Aspiration gets a lot of attention, maybe even more than the epiglottis (see recent MM for more on that flashy show off). Significant decisions are made based on the presence or absence of aspiration, patients with dysphagia dread being told that aspiration was seen on an instrumental, and it can literally change a patient's life. But...how important is it really? What really gets people worked up about aspiration are two things: pneumonia and choking.
Looking first at pneumonia, we have two really great resources below that should be considered. Firstly, Ashford's "Three Pillars of Pneumonia from Aspiration" in which three (obviously) things should be considered by clinicians in determining aspiration pneumonia risk: impaired health status (med hx, comorbidities, immunocompromise, etc.), impaired airway protection (aspiration seen on instrumental), and impaired oral environment (oral hygiene). Dr. John Ashford found that only by putting these three factors together can we make an accurate prediction about risk of developing pneumonia. He goes on to say that "Assessment and treatment should move beyond observations of potential aspiration events and their causes and place these findings within the context of the patient’s total medical condition." Our second resource is the 1998 Langmore et. al study in which 189 subjects were followed for four years to determine the most significant risks for developing aspiration pneumonia which were identified as: dependence on others for feeding, dependence for oral care, a number of decayed teeth, tube feeding, more than one medical diagnosis, number of medications, and smoking. In this study, dysphagia was not found to be significant enough by itself to lead to aspiration pneumonia.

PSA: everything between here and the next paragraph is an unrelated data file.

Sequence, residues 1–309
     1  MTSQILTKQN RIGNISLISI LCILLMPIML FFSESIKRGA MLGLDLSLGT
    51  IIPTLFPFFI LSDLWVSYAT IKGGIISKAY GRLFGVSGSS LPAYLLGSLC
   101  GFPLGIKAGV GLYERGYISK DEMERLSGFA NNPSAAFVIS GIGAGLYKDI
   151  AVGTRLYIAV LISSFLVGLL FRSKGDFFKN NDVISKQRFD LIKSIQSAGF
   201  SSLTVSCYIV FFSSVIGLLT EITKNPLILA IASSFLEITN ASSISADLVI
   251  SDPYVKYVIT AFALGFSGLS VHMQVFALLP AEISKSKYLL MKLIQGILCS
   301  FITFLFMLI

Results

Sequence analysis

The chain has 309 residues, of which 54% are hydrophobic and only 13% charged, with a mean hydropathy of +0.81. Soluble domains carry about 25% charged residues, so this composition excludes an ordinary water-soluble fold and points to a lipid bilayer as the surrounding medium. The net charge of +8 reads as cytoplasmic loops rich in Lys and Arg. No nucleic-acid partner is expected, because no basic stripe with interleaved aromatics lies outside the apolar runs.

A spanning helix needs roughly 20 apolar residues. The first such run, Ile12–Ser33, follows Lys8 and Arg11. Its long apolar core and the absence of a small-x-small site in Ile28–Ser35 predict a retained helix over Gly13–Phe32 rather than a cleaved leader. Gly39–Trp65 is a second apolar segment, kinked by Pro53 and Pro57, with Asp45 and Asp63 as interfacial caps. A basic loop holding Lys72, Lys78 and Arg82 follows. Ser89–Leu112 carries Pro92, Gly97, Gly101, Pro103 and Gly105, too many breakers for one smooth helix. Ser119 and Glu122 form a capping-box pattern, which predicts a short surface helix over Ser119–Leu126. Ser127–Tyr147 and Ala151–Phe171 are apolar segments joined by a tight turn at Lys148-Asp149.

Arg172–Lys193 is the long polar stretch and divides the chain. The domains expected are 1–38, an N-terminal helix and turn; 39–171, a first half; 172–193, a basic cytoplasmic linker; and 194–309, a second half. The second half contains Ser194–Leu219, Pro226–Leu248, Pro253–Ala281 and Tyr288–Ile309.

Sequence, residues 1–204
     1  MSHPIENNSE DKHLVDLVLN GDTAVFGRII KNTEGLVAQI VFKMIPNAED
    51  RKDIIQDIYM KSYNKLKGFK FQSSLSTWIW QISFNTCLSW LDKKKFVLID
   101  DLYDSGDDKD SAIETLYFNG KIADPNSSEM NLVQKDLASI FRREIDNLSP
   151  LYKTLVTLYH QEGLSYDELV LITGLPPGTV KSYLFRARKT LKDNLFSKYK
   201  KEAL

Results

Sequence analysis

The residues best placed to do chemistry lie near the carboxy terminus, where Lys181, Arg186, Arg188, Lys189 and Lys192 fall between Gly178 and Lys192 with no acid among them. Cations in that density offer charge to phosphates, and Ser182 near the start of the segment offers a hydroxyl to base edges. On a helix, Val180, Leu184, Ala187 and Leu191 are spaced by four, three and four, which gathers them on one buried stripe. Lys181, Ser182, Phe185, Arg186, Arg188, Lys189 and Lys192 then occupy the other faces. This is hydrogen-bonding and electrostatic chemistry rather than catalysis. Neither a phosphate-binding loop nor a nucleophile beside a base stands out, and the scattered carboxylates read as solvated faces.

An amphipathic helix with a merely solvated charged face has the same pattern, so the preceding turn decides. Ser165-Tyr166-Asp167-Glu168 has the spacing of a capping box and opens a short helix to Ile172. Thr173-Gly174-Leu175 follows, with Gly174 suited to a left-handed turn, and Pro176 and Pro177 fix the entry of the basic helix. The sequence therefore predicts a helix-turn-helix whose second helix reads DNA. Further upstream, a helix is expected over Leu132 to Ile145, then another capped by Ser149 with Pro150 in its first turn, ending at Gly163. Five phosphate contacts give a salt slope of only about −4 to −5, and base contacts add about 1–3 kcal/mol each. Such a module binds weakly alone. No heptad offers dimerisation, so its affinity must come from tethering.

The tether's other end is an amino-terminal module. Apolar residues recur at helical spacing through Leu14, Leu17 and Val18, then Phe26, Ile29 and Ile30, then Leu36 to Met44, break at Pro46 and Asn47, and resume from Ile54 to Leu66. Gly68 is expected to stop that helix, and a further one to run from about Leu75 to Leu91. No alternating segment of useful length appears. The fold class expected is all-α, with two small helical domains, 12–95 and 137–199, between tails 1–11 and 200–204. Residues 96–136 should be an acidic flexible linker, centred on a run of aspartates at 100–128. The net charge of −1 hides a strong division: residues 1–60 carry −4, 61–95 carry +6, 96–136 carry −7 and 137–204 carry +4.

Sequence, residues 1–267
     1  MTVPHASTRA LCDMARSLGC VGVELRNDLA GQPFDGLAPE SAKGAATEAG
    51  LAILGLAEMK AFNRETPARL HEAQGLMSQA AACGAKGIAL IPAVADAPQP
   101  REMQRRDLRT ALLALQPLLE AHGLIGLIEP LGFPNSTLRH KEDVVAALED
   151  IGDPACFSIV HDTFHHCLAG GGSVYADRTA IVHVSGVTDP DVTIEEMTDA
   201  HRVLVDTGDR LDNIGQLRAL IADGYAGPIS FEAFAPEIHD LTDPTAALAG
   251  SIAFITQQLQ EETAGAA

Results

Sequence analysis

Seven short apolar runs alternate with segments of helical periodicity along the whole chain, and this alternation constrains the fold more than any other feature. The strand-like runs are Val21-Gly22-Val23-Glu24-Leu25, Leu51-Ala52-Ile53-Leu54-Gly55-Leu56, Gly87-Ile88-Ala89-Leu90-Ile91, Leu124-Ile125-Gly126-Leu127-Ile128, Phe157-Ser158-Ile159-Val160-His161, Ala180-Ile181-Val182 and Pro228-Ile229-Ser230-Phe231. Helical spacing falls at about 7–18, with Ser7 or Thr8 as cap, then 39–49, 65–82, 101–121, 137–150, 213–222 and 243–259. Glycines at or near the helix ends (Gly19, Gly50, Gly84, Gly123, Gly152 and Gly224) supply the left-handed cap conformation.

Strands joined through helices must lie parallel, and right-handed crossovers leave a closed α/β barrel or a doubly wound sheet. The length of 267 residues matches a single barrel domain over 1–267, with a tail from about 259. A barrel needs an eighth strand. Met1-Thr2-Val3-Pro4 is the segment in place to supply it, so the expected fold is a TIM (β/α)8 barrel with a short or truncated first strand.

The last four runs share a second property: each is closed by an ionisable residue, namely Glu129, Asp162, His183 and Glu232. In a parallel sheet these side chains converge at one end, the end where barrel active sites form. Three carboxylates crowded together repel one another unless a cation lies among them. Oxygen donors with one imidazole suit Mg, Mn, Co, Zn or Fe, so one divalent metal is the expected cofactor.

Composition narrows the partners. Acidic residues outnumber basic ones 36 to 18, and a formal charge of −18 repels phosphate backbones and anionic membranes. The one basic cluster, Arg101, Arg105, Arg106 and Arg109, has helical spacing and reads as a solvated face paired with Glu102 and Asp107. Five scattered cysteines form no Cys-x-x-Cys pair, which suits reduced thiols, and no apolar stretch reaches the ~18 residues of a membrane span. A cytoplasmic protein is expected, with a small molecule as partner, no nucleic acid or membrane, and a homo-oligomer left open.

Choking risk gets less clear. We do know that some age-related changes like tooth loss, sarcopenia resulting in decreased tongue strength and overall increased frailty can put patients at an increased risk. Here we as SLPs should also be looking at the total picture of the patient, including the instrumental assessment, to make these recommendations.
Our patient this week highlights both of these concerns and alllll of these considerations. Our Ohio team was at a facility in the Cincinnati area (have you tried the chili there? Amazing! Also the Bengals were robbed.) with a patient. He had a diagnosis of Parkinson's, and was in the SNF to recover from post-COVID complications. Overall was doing very well medically and physically-and although his ordered diet was nectar and puree due to aspiration and "lack of mastication" on a prior MBS, he was very clear with our team that he was "always sneaking good drinks and real food". Looking at his past three months, he had no lung infiltrates or pneumonias, and his general medical status had continued to improve. He did have a two instances of documented "choking", which he was pretty clear about ("Bit off more than I could chew"). Our study found aspiration (with no cough or throat clear or other overt signs) with thin before the swallow, but only when the patient was fed and when he took large continual swallows-when he took a small sip independently, his airway closure timing improved and no aspiration was noted. For the solids, he did struggle with mastication, and swallowed a rather large piece whole, and decided to spit out the other piece. For this fella, we recommended thin liquids (with some strategies and recommendations for oral care), and after discussion with the patient, he decided to continue with puree foods.
Aspiration (and the reason for the aspiration) is important to look at, but we as SLPs cannot have a hyper focus on it's presence or absence when making recommendations for a plan of care. Rather, by looking at the patient through the lens of the total picture of history, health, choices, and quality of life, we get a different picture than when we look at aspiration alone. The Bengals were still robbed.